Upon completion, the degree loses the appeal. Young people want to work immediately (by L. Paccarié)

Choosing what to do after graduation is a lot like choosing what to do when you grow up. An awareness that in school it is easier to imagine and dream than to build with rigor. Especially in a world of work and training that is rapidly evolving at the pace of digital technology and offering new and transversal possibilities. 45% of students are still not clear what they will do after graduation, but the coordinates of this transition from secondary to future will change.

The percentage comes from the “After graduation” research of Skuola.net, in collaboration with ELIS, a non-profit organization that deals with the help of people in their career guidance path, led to observe and understand these changes. The surveys were attended by 3,000 high school students, as part of the ELIS Open Week, the event organized to bring the leading companies from the technical-technological sectors closer to the students.

Enrollment in a bachelor’s program remains the main path after school for half of high school students, but alternatives are gaining ground. About 1 in 5, after high school, are looking for a job early, looking for a job immediately (8%) or for a non-university vocational education (10%) such as ITS or IFTS. In fact, highly specialized people are the first protagonists of it Misunderstandings between companies and professionals that can not be found that shake up the world of work in Italy. Among those planning to go to university, 19% – and in males the percentage rises to 26% – would change their minds if they became aware of an alternative path that guaranteed enough opportunities for placement and career opportunities.

The graduation goal also recorded a decline in appeal compared to the figures from the same survey conducted last year: 11% fewer students intend to consider only and exclusively the university option after graduation. This trend corresponds to another decline, that of enrollment in high school, which decreased for the first time in ten years compared to 12 months ago.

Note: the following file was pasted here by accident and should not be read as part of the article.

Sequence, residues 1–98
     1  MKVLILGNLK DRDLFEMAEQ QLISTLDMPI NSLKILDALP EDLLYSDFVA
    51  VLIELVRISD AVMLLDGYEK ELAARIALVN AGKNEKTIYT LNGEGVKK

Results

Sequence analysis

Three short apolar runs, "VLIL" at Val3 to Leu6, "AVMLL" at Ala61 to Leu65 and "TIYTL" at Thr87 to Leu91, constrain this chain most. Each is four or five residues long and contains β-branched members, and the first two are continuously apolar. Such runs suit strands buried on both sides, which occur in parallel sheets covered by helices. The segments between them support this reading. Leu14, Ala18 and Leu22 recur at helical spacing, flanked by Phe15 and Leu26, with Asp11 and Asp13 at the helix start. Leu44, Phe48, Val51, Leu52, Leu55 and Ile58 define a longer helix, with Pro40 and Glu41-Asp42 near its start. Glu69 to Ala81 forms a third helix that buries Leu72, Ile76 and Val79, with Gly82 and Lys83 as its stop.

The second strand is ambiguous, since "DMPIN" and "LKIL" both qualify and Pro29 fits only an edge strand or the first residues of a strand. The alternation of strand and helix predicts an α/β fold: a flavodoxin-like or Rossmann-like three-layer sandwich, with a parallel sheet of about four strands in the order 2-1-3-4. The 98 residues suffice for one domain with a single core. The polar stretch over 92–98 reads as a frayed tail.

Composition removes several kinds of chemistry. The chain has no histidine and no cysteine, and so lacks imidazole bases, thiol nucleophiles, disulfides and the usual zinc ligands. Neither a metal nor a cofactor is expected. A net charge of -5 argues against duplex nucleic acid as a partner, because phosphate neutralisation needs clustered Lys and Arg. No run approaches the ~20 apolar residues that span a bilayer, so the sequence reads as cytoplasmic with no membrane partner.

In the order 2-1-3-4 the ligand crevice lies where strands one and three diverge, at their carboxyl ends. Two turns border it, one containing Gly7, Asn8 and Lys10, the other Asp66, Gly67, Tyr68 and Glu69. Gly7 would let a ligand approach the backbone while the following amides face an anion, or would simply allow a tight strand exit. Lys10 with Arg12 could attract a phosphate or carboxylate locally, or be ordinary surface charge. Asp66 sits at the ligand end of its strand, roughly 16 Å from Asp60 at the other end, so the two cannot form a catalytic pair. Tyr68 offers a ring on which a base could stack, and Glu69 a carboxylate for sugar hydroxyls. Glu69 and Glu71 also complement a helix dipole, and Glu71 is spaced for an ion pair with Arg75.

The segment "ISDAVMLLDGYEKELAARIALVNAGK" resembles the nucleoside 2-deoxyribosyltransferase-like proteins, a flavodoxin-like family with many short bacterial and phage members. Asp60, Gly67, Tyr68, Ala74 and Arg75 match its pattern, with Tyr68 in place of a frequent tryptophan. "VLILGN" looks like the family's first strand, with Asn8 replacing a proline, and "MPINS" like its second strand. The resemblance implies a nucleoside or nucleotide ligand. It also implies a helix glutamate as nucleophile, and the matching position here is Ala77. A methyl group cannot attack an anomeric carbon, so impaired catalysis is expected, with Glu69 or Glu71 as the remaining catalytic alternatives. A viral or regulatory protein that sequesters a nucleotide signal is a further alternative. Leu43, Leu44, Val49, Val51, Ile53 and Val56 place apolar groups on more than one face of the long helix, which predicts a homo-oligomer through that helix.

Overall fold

When one completes the cycle of higher education, 1 in 4 students want to build something themselves and become entrepreneurs. Among them, most (59%) think they already have the winning idea in hand, while 1 in 10 have already developed their business with a team. In general, many of the students interviewed are already working during their school year. Despite the main employment of students, almost half (45%) of the respondents commit that they already do “technical work tests” to create an initial savings bank: 26% do so during the teaching break, during the summer – or Christmas break, 19% even during the school months. In 6 out of 7 cases these are “traditional” jobs, such as waiter, babysitter, delivery boy. But earn 1 in 7 by focusing on “digital” jobs instead. The most common in the order of preference concern the areas of e-commerce, the development and management of apps and online services, the management of social sites, fintech (buying / selling cryptocurrencies, online trading), influencer marketing . , Games and online information.

Finally, about the future prospects at work, 23% imagine being self-employed, having more freedom and only 20% striving for the security of the “indefinite time”. However, not everyone has thought about their professional future: 32% of respondents have not done so yet and among the 45% who are still unsure what Psot diplomas will do. ELIS Marketing Manager Gianluca Sabatini commented on the results of the research on the “difficulties the Italian secondary has in orienting its students”. According to Sabatini, “it is necessary to develop learning that is experience and relationship and to do that it is necessary to bring companies into schools and high schools and companies”. Precisely because “this passage sees almost half of the interviewees quite or completely confused about their professional future”. Instead, he concludes, “schooling should support young people in their life project, improve their cultural and professional propensities”.


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